National Book Award winner, TIME honoree Jesmyn Ward to address Tulane graduates
Two-time National Book Award winner Jesmyn Ward, who has been hailed as the heir to William Faulkner and one of TIME magazine’s Most Influential People of 2018, will deliver the keynote address for Tulane University’s Commencement at 9 a.m., May 19 in the Mercedes-Benz Superdome.
“Jesmyn Ward has become a literary icon, one of only a small handful of writers – and the first woman ever – to win the National Book Award for fiction more than once. That puts her in the company of writers such as Saul Bellow, John Cheever, William Faulkner, Philip Roth and John Updike,” Tulane President Mike Fitts said.
Fitts called Ward, “a once-in-a-generation, transcendent talent who has much to impart to our graduates about empathy, life, literature and sustaining hope in the face of tragedy and struggle.”
Ward, who received the 2017 MacArthur Fellows “Genius Grant” from the John D. and Catherine T. MacArthur Foundation, is the author of five critically acclaimed works including Sing, Unburied, Sing, which won the 2017 National Book Award and Salvage the Bones, the 2011 National Book Award winner, which takes place in the days leading up to and following Hurricane Katrina.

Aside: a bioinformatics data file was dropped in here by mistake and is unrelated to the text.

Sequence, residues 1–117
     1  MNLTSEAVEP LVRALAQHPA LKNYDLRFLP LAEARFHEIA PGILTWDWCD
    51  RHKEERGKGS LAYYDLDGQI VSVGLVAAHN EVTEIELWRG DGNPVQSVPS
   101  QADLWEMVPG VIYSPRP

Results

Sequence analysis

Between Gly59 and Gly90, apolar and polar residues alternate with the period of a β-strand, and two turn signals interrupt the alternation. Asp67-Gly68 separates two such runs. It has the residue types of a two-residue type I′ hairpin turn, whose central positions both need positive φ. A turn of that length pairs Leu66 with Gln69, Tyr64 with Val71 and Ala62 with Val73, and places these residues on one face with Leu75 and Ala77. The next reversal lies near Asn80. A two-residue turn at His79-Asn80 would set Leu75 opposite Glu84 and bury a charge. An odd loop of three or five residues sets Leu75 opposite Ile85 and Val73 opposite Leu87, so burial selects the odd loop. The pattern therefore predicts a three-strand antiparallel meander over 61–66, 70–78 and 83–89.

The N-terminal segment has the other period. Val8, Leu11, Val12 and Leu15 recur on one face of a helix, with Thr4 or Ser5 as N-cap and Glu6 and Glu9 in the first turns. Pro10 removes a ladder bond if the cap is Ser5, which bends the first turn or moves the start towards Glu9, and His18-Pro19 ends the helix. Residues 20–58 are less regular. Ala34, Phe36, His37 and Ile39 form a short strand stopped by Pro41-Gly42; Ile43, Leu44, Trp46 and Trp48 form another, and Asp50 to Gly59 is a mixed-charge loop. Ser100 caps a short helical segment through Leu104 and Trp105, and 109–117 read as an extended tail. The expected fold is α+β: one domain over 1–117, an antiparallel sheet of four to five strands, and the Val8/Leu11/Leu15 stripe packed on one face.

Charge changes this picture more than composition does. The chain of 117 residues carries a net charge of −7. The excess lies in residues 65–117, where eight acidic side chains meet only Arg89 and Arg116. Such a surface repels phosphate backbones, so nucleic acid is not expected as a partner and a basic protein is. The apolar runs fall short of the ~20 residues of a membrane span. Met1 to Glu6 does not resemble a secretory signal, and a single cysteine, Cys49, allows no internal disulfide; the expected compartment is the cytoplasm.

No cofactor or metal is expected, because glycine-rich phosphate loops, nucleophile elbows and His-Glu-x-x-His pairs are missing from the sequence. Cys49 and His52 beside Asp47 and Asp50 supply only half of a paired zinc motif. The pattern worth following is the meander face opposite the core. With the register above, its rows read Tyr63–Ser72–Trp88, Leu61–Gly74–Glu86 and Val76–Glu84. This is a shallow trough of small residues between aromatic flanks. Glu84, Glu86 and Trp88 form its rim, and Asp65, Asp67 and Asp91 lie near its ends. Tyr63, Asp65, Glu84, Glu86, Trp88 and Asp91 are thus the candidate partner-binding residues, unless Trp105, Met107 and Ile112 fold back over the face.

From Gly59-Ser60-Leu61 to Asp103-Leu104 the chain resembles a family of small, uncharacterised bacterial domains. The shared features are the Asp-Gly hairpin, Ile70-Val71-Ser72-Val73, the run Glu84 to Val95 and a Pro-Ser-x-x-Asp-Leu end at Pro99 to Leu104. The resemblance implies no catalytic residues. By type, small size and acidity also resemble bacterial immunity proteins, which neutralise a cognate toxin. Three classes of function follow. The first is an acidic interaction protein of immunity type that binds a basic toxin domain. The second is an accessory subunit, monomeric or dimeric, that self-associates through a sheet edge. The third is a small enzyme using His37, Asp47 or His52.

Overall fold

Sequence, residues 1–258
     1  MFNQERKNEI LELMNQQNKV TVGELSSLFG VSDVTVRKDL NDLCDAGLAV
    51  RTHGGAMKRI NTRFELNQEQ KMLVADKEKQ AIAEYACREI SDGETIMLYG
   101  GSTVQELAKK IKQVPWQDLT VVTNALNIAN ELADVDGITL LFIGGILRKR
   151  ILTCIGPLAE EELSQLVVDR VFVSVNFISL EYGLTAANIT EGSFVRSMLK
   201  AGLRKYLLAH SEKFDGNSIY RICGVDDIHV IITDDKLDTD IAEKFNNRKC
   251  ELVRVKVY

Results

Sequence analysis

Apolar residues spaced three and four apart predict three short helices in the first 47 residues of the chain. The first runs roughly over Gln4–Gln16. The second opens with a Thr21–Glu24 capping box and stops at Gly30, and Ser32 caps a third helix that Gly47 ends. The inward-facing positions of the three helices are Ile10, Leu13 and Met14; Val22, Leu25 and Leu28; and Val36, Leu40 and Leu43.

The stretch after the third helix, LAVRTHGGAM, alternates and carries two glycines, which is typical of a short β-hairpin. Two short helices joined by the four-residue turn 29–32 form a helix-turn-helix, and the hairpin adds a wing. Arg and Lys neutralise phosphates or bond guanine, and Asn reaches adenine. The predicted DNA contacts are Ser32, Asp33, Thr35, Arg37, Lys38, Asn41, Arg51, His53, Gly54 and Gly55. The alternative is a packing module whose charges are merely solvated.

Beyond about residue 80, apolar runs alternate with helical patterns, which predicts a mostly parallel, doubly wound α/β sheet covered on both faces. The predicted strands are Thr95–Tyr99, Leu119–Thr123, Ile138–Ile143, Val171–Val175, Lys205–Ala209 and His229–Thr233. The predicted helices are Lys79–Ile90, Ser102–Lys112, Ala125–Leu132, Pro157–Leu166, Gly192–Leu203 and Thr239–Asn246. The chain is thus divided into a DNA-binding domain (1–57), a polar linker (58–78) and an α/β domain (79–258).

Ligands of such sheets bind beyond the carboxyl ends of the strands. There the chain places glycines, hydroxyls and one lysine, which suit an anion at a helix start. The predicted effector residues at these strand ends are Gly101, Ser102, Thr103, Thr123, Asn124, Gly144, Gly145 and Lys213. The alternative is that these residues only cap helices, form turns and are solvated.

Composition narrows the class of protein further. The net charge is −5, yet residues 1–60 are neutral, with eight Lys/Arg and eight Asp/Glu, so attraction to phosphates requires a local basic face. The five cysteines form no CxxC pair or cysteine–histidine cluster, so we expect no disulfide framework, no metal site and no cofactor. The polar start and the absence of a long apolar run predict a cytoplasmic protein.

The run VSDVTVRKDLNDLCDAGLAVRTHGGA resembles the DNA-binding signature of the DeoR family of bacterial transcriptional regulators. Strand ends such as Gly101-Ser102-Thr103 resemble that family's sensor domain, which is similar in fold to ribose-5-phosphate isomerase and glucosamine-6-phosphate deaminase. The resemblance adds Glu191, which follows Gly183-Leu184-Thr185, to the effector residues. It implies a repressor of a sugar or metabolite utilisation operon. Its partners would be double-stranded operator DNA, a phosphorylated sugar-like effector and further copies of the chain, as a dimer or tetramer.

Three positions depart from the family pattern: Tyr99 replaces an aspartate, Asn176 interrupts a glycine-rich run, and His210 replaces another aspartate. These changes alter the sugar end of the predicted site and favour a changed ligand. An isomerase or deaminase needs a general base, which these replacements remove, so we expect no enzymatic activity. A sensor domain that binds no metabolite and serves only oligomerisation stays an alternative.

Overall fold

A native of DeLisle, Mississippi, Ward was the first in her family to attend college, earning a Bachelor of Arts in English and a Master of Arts in media studies and communication from Stanford University. In 2005, she received a Master of Fine Arts in creative writing from the University of Michigan. That same year she was stranded in a farm field with her family after the floodwaters of Hurricane Katrina destroyed their DeLisle home. This experience informed Ward’s first novel Where the Line Bleeds.
Though it would win multiple awards and acclaim, including an Essence magazine Book Club Selection, the novel was rejected numerous times by publishers, causing Ward to consider giving up writing to enroll in a nursing program. After Where the Line Bleeds, Ward published four more works including Men We Reaped (2013) and The Fire This Time (2016). Collectively the works have earned her a place as one of the nation’s most powerful and eloquent literary voices.
In September, Ward will receive the Anisfield-Wolf Book Award in the fiction category and is on the short list to receive the Women’s Prize for Fiction. Ward joined Tulane’s faculty as an associate professor of English in 2014.
In addition to Ward’s address, Commencement 2018 will feature live jazz, herald trumpets, confetti cannons, a traditional New Orleans second-line procession and the awarding of honorary degrees to several nationally recognized individuals, who will be announced soon.